where AH=energy (calories) required to fuse the particular sample in question. For a balanced sample structure dH/dt=k(T T If a linear heating rate A is provided by the external furnace, T -T =A t, where in t=time. Combining the last three equations results in a'n/dt=(kA/AH)t and dH/dt=kAt. The last equation upon integration yields k=2AH/At or where t is the total time required for the fusion. Accordingly, if dH/dt=dQ/dt, that is if the kinetics of the process can be described by the quantitativedifferentialthermal-analysis process hereinabove described, a plot of the experimental dQ/dt as a function of time should prove to be a straight line with origin at zero and slope equal to 2AH/t FIG. 5 for Sn shows that this is so. The same result is also obtained with Pb and Ag. In FIGS. 5, 6 and 7, the rate of electrical energy input to the sample heater is portrayed as a function of time. The points were experimentally determined; the dashed lines are theoretical with slope equal to ZAH/t for a zero-order kinetic process. The experimental rates of heat input dQ/dt into the auxiliary heater was determined by displaying, on a high-speed recorder, the on-off periods during manual switching. The energy Q for each 0.5- min. interval of the fusion period then was plotted appropriately as dQ/dt vs. t to give the experimental points on the plots. The melting behavior of sodium nitrate and, surprisingly, aluminum were found to be complex and not those of a zero-order process. The fusion of sodium nitrate is illustrated in FIG. 6 and the fusion of aluminum is depicted in FIG. 7. In both instances the linear behavior is preceded by an exponential dependence of dQ/dt on t. In previous work such lambda-type melting behavior of NaNO has been indicated and the present Work confirms those results.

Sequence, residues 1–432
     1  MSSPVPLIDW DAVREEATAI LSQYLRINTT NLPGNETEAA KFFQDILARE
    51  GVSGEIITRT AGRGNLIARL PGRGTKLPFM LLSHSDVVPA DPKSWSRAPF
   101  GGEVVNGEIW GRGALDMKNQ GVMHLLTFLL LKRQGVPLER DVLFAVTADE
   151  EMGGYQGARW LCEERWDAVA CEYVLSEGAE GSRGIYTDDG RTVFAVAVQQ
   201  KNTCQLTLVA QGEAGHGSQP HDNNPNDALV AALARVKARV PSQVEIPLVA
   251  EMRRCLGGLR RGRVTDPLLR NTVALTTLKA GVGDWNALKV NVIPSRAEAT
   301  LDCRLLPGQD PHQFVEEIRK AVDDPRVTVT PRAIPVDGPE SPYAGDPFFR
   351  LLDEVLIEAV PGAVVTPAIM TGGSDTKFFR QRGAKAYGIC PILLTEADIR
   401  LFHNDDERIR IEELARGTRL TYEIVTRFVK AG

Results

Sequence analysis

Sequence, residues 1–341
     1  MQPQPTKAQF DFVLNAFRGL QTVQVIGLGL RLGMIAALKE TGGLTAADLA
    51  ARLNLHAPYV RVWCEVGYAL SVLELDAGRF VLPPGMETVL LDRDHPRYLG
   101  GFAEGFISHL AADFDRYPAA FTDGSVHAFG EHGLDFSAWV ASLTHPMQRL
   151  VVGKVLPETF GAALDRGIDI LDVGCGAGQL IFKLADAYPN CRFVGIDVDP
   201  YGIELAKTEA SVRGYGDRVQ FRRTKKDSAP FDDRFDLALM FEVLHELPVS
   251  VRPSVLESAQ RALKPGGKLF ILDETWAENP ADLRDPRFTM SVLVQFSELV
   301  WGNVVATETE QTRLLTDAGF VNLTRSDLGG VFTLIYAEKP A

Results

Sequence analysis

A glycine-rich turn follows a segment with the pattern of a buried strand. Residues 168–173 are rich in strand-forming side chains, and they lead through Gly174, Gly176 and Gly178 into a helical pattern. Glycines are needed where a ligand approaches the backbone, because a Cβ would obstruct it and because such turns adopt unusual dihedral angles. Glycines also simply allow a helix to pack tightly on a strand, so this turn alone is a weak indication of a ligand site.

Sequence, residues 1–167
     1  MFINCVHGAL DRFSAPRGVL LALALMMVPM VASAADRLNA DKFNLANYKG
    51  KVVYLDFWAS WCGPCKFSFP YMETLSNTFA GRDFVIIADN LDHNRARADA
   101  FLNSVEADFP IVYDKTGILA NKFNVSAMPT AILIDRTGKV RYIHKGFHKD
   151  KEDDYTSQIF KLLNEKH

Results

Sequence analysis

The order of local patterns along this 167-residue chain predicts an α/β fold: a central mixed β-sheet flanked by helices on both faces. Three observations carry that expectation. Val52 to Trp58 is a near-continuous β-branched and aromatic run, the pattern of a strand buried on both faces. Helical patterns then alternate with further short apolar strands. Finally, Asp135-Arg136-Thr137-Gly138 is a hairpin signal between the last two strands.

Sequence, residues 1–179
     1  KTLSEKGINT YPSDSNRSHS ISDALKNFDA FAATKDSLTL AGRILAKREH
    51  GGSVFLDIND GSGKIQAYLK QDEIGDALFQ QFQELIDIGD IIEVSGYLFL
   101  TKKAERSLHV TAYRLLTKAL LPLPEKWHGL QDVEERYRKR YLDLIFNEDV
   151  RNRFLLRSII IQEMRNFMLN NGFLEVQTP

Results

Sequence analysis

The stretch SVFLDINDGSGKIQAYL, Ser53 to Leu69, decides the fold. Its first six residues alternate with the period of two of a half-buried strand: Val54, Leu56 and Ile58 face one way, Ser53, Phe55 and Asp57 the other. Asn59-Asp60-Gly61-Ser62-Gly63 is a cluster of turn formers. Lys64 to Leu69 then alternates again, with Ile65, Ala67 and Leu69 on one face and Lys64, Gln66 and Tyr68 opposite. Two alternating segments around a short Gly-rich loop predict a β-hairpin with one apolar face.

We have found that the energy involved in the lambdatype premelting phenomenon of aluminum amounts to 3.5% of the total. So far as we are aware, such lambdatype premelting of aluminum has not previously been recognized, and its identification and analysis may not be feasible if at all possible by techniques other than the use of quantitative differential thermal analysis. In addition, uniformity and accuracy over a broad range of temperatures and materials in quantitative differential thermal analysis are considered to be novel contributions of the present invention.
The flexibility of the invention is further illustrated by experiments involving exothermic processes in which the sample experiences changes in mass. Table II below presents data obtained from such an experiment involving the reaction of CO and CaO at various temperatures. The values found are within the limits of uncertainty set by the critical literature.
TABLE II.DETERMINATION OF THE HEAT OF THE REACTION AHm in K. K. Kelley, UiS. Bur. Mines Bull. No. 384.. AHmfrom O. Kubaschewski and E. I. Evans, Metallu cal Thermochemistry, Pergamon Press, N.Y. 195s.-- 42, 850;|:1, 210
The above examples are provided merely for illustration of the invention and should not be interpreted as establishing limitations. The scopes of the invention are defined in the following claims.
What we claim as new and desire to secure by Letters Patent of the United States is:
1. An apparatus of a difierential-thermal-analysis type comprising:
means for holding a sample material;
an auxiliary heater acting on said sample material;
means for maintaining a constant temperature relation between said reference means and said sample material, said means including means responsive to the temperature of said sample material;
means for maintaining a constant relation between heat loss from said auxiliary heater and heat gain to said sample material, said means including means resistant to the flow of heat disposed Within said auxiliary heater and between said sample material and said means responsive to the temperature of said sample material, the heat transfer characteristics of said means resistant to the flow of heat having been adjusted in accordance with calibration of the apparatus so that said characteristics will permit the correct determination of AH for a sample material; and
means for recording the energy input to said auxiliary heater.